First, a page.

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Reference : UMR5554-LIOHAU-002
Workplace : MONTPELLIER
Date of publication : Friday, January 01, 2021
Scientific Responsible name : Lionel Hautier
Type of Contract : PhD Student contract / Thesis offer
Contract Period : 36 months
Start date of the thesis : 1 March 2021
Proportion of work : Full time
Remuneration : 2 135,00 € gross monthly
Description of the thesis topic
Morphological traits that promote the invasion of, and diversification within, new adaptive zones are expected to be more common across the tree of life. Historically, such traits were defined as 'key innovations' since they could explain the evolutionary success of a taxonomic group. Morphologists have embraced the concept of key innovations, and have used it extensively to explain many cases of adaptive radiations. However, the theory behind this concept was strongly criticized due to the lack of evidence demonstrating a causal link between a proposed key innovation and an increase in species diversity. Among mammals, rodents constitute a special case. This 57-million-year-old clade comprises at least 2600 species encompassing an astonishing diversity of forms and showing a markedly uneven distribution of cranial phenotypic variation across families. The ecomorphological diversification of the group has then been considered the result of the acquisition of key cranial and dental innovations, which are considered to be associated with different types of feeding strategies. Strong functional constraints affecting mastication have limited the number of possible evolutionary pathways and promoted convergent evolution, which in return has hampered attempts to establish an intra-ordinal classification of rodents. Such a situation, which explains the past difficulty in classifying rodents based on cranial and dental characteristics, also implies that these features have strong adaptive significance, which then strengthened their image as promoters of diversification and their recognition as key innovations. However, the different components of the masticatory apparatus (i.e. bones, muscles, and teeth) have generally been studied in isolation with little integration of their morphology to function. The overarching goal of this PhD project is to understand whether osteological, dental, and muscular traits evolve independently or synergistically, and whether their evolution influenced diversification of rodent lineages. If cranial features act as key innovations, we predict that functional interactions between traits, rather than traits themselves, will explain why diversity is unevenly distributed among rodent lineages. First, the candidate will focus on assessing the correlation between osteological, muscular and dental characters, to build predictive models of phenotypic integration. Second, he/she will estimate the biomechanical performance of the masticatory apparatus to characterize the morphofunctional link between its components. Third, the candidate will assemble an unprecedented character/taxon matrix for phylogenetic inferences in order to build a morphofunctional model of the masticatory apparatus in some of the earliest representatives of the group.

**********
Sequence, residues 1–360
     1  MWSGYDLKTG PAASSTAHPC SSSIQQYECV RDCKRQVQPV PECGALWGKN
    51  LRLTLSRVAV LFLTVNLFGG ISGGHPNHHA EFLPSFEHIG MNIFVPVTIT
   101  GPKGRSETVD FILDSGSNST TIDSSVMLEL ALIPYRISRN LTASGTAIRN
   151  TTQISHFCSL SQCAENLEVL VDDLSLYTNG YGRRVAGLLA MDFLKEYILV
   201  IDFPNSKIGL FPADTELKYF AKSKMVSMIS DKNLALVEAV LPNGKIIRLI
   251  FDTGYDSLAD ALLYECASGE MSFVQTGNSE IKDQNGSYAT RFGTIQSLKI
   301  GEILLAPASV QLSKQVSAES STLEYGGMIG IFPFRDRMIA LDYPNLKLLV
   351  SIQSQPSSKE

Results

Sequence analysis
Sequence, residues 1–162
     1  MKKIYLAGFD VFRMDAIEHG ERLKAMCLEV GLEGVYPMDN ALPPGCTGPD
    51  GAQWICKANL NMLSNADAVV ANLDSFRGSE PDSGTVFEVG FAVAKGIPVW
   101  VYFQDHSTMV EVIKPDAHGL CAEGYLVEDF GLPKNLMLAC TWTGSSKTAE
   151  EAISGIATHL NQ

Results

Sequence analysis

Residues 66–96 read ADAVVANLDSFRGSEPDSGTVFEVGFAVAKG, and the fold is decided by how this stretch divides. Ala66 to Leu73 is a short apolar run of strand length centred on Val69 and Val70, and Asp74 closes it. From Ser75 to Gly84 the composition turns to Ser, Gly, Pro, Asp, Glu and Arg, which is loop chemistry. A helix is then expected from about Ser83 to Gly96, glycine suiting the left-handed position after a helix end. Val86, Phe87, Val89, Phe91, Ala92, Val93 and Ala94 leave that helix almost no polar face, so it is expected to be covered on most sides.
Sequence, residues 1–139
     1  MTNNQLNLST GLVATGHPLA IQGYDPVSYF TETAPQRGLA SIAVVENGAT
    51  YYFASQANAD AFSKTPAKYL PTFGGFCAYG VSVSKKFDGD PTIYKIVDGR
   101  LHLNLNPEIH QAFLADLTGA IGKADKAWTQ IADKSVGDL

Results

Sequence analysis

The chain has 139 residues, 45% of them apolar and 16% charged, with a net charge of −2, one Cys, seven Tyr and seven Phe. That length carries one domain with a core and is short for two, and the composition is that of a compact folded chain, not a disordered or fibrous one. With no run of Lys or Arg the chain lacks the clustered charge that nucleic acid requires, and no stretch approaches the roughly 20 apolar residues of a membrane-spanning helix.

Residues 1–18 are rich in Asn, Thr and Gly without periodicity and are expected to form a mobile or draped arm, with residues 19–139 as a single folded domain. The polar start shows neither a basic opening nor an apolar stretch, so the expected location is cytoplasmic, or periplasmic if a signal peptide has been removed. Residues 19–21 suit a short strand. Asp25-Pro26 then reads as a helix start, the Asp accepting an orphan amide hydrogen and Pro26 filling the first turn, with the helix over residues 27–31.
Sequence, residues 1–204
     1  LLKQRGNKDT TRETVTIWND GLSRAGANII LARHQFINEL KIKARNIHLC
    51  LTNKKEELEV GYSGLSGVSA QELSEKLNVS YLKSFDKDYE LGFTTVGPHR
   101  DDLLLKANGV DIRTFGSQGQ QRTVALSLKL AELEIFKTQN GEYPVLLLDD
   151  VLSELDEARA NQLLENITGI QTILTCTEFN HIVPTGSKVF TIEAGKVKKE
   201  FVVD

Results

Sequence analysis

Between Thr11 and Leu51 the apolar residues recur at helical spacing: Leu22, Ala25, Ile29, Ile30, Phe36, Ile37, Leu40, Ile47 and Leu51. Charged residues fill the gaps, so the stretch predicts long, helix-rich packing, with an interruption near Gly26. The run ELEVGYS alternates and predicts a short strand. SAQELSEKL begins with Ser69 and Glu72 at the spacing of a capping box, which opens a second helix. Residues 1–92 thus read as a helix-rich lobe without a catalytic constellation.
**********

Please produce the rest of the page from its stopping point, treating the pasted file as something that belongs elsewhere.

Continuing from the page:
The candidate will work in interaction with two teams of the Institute of Evolutionary Sciences of Montpellier (ISE-M): the Paleontology team and the Phylogeny and Molecular Evolution team. Several missions abroad in museum collections are envisioned. This thesis project forms part of the DispaRat ANR-funded project, a Collaborative Research Project between the ISE-M (Montpellier) and the PALEVOPRIM (Poitiers), CR2P (Paris) and MECADEV (Paris) laboratories.
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